Miscellaneous Articles

In Defense of Trial Lawyers...(Well, Sort Of)

We hear a lot of complaining from some members of the political class, pundits, business people, the The Wall Street Journal editorial page and even some of our clients about “trial lawyers.” The term “trial lawyer” is code talk. What these people really mean is plaintiffs’ trial lawyers. (What do they think the lawyers on the other side of the courtroom do?) Some of our readers may agree with the complaining, except when they need the services of a “trial lawyer.”

Well, we’ve got news for the complainers. LAWYERS DON’T MAKE THE RULES. The rule making process is a three legged stool that the trail lawyers only sit on. Legislators make the rules, judges make the rules and, at least in California under our initiative and referendum system, the people (voters) make the rules. For an example, see the article on Karsky v. Nike and Prop 72 at zacklerlaw.com. So if any of our readers think that killing all of the trial lawyers will solve their legal problems, they will have killed the wrong (if not innocent) people.

Now we expect that most of our readers understand the legislative process and the process of going to the voters. For example, see Proposition 72 which was the barely successful business backed effort to repeal legislation requiring most employers to provide health care benefits. What we have out doubts about is the complainers’ understanding of the role of the judiciary.

In order to understand the role of the judiciary, keep in mind that there are two aspects to each lawsuit: issues of law and issues of fact. Issues of fact are determined by the triers of fact, usually a jury, or in the case of a bench trial, a judge. We’ll be the first to admit that a smart, devious, articulate, slick, well prepared attorney with first rate expert witnesses and a sympathetic or maybe just a pathetic client can change a sow’s ear lawsuit in a jackpot jury award, which (by the way) the trial and appellate judges can (and frequently do) take away. We’ll also note that jackpot jury verdicts can also be the result of lousy defense work, particularly when the defense attorney isn’t given the necessary resources by the defendant’s insurance carrier.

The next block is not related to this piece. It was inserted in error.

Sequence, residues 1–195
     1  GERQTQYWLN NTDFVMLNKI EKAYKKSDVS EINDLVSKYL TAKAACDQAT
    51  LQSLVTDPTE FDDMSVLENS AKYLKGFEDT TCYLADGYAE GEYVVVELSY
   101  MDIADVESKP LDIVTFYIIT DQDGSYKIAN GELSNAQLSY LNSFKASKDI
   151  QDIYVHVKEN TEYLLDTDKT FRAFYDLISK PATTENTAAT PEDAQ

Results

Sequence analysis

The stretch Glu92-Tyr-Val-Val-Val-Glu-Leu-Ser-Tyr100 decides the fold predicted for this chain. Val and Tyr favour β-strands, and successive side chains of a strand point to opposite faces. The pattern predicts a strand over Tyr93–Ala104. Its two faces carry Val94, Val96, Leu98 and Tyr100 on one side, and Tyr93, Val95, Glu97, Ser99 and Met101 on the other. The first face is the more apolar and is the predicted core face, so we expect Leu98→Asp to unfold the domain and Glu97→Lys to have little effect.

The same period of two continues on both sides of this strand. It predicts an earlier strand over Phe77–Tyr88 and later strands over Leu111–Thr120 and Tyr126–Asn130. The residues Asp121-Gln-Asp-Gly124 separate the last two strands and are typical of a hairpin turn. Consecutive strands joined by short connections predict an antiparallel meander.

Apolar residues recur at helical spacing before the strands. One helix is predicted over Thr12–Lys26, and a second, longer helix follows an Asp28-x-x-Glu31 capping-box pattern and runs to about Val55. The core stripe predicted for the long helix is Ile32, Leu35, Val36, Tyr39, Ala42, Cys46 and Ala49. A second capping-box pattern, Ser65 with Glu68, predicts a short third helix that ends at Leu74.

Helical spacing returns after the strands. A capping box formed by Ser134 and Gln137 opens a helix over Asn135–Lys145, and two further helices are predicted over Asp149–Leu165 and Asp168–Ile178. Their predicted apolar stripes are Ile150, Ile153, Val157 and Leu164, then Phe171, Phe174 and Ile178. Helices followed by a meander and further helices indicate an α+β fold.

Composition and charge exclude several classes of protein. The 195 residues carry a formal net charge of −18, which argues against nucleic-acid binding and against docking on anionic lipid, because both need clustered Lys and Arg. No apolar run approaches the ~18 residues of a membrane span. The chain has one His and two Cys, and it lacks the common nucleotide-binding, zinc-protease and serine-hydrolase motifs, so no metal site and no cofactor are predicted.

Guess what? Judges are also a part of the legal process. First, trial judges can make bad rulings that favor one side or the other. Sometimes a ruling may force a settlement. Others may significantly influence a jury’s decision or just flat out throw the plaintiff out of court. For obvious reasons defendants are very hard to throw out of court. And, believe it or not, trial judges have been known to give out very large awards in bench trials.